6. Create Value For Others

A fulfilling life purpose is one that includes the creation of value for other people. Creating value for other people is also something that allows us to get paid for doing what we love.  In whatever it is the we value, that we want to make our life’s work, we will be most likely to sustain this action, and make money doing it if it creates value for others. Creating value often arises by an attempt to solve a problem, or provide an insight to another. Outward directed work, that helps others, also helps us because we are rewarded for the efforts of our creation.

7. Make Plans And Take Action

Be deliberate. Be intentional. Once we have determined what it is that we uniquely value, we make it real by making a specific plan of action to take our idea, or wish, and create its tangible counterpart.  Once we have a plan of action, simply take action, build our action into a habit, and continue. Make it our life’s work.

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8. Be Thankful And Appreciate The Moment

Ungrateful people are difficult to be around.  Don’t be one of them.  Don’t be one of those people who is always complaining, and is always looking for what is wrong in the world.  This is why focusing on actions, not rewards is so important.  If we focus only on rewards, and those rewards don’t come, it is easy to “vent.”  When we are venting, what we are really doing is just complaining (the word vent makes it seem okay for us). Resist the urge to vent, but rather just be thankful for the fact that we have a chance to do something that is authentic to us.  Embrace the moment of where we are.  This will go a long way to helping us live life on purpose, and it will also go a long way to ensuring our long term happiness.

More by this author

Ryan Clements

A lawyer turned marketing professional, entrepreneur and writer who writes about entrepreneurship, career and personal development.

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Last Updated on March 14, 2019

7 Questions to Ask in a Job Interview That Will Impress the Interviewer

7 Questions to Ask in a Job Interview That Will Impress the Interviewer

Recruiters might hold thousands of interviews in their careers and a lot of them are reporting the same thing—that most candidates play it safe with the questions they ask, or have no questions to ask in a job interview at all.

For job applicants, this approach is crazy! This is a job that you’re going to dedicate a lot of hours to and that might have a huge impact on your future career. Don’t throw away the chance to figure out if the position is perfect for you.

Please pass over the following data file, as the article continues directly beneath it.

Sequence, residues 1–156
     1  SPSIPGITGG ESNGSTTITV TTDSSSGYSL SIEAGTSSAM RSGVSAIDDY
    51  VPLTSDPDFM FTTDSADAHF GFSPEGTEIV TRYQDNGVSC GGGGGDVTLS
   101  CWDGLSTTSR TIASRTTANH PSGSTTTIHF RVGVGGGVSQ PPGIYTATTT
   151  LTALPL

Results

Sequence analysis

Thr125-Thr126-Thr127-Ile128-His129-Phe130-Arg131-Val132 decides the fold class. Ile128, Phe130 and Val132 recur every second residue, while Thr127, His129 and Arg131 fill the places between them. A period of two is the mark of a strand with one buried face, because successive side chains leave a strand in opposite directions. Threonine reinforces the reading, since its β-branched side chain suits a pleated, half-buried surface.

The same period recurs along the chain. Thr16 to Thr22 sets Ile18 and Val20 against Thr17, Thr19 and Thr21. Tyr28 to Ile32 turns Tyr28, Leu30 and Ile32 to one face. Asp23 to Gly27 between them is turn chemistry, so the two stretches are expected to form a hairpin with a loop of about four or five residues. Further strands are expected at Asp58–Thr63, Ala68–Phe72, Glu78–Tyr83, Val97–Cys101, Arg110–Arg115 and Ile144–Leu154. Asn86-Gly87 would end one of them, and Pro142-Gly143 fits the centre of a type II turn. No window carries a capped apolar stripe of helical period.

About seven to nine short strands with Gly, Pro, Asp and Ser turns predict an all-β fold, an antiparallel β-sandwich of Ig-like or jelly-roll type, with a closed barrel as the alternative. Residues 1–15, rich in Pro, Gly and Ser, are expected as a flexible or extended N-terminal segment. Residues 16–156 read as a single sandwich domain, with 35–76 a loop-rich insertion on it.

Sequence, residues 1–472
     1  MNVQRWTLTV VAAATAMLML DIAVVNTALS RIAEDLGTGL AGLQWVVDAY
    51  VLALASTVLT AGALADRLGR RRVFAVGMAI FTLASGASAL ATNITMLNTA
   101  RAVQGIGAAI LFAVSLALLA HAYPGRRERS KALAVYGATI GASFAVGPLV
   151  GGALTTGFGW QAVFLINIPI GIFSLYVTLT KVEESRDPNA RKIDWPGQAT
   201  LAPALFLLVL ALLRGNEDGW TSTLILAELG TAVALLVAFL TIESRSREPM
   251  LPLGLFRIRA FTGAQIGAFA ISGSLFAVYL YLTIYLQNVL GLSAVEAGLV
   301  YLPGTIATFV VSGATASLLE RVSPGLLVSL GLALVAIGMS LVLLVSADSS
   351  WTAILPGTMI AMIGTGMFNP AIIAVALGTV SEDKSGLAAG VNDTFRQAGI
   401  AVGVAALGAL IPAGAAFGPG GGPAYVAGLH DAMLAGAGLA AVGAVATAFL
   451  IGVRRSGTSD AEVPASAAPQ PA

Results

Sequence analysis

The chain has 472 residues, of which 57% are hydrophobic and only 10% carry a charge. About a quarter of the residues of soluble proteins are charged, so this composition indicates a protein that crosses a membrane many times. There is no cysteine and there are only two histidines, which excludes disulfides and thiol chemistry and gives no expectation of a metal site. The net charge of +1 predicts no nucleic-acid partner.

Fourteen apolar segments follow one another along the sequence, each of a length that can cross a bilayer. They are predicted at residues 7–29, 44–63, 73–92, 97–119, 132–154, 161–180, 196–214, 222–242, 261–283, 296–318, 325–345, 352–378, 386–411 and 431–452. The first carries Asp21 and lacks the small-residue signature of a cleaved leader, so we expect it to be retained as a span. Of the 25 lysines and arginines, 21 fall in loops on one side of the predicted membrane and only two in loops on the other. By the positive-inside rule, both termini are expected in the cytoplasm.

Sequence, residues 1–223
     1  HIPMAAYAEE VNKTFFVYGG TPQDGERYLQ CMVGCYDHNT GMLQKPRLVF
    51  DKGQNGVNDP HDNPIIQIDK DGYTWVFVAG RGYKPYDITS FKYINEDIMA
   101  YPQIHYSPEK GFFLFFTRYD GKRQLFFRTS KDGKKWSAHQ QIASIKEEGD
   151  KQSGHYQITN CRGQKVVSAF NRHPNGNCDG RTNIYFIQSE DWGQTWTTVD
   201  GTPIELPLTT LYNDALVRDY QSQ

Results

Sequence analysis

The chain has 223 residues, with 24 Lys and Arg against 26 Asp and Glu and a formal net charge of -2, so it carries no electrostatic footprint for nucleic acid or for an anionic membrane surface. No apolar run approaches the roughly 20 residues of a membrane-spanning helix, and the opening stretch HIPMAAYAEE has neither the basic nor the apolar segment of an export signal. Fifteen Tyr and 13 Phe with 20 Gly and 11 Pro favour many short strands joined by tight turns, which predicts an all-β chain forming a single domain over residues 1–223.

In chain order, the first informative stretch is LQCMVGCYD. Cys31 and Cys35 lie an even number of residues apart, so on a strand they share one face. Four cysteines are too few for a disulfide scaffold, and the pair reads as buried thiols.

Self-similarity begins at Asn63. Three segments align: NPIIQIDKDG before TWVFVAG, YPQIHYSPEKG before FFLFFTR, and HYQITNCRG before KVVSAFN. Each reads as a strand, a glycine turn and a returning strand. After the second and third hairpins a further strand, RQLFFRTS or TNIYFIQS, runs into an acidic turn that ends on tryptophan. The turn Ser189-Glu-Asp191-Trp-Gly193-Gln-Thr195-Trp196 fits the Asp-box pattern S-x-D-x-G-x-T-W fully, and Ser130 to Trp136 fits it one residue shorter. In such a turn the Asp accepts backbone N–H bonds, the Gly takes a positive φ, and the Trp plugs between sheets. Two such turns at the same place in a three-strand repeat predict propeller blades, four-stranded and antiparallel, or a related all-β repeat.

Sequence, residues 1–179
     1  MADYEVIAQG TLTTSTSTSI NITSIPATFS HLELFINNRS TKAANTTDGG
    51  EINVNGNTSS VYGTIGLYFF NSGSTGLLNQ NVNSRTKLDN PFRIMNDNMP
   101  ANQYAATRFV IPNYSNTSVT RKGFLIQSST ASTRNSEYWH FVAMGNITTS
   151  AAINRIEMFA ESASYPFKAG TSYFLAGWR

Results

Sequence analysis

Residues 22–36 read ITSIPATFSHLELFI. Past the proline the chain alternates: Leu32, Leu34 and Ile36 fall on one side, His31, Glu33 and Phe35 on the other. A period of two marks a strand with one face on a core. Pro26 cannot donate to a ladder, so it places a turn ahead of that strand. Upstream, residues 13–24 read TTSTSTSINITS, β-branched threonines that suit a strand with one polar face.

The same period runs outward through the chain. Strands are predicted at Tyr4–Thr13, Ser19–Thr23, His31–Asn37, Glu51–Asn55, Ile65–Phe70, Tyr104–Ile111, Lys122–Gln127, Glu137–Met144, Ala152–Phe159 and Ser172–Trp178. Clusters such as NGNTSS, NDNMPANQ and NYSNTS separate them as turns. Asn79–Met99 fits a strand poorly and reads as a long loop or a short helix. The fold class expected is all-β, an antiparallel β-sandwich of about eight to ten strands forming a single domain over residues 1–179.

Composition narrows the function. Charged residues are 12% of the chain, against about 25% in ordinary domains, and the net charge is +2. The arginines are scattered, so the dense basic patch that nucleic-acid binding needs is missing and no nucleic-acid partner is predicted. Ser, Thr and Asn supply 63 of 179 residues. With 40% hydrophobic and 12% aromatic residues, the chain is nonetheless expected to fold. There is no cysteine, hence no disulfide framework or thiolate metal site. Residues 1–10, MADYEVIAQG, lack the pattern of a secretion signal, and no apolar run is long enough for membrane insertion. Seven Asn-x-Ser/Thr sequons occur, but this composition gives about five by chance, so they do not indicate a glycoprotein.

Here are 7 killer questions to ask in a job interview that will both impress your counterpart and give you some really useful insights into whether this job will be a dream … or a nightmare.

1. What are some challenges I might come up against this role?

A lesser candidate might ask, “what does a typical day look like in this role?” While this is a perfectly reasonable question to ask in an interview, focusing on potential challenges takes you much further because it indicates that you already are visualizing yourself in the role.

It’s impressive because it shows that you are not afraid of challenges, and you are prepared to strategize a game plan upfront to make sure you succeed if you get the job.

It can also open up a conversation about how you’ve solved problems in the past which can be a reassuring exercise for both you and the hiring manager.

How it helps you:

If you ask the interviewer to describe a typical day, you may get a vibrant picture of all the lovely things you’ll get to do in this job and all the lovely people you’ll get to do them with.

Asking about potential roadblocks means you hear the other side of the story—dysfunctional teams, internal politics, difficult clients, bootstrap budgets and so on. This can help you decide if you’re up for the challenge or whether, for the sake of your sanity, you should respectfully decline the job offer.

2. What are the qualities of really successful people in this role?

Employers don’t want to hire someone who goes through the motions; they want to hire someone who will excel.

Asking this question shows that you care about success, too. How could they not hire you with a dragon-slayer attitude like that?

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How it helps you:

Interviewers hire people who are great people to work with, but the definition of “great people” differs from person to person.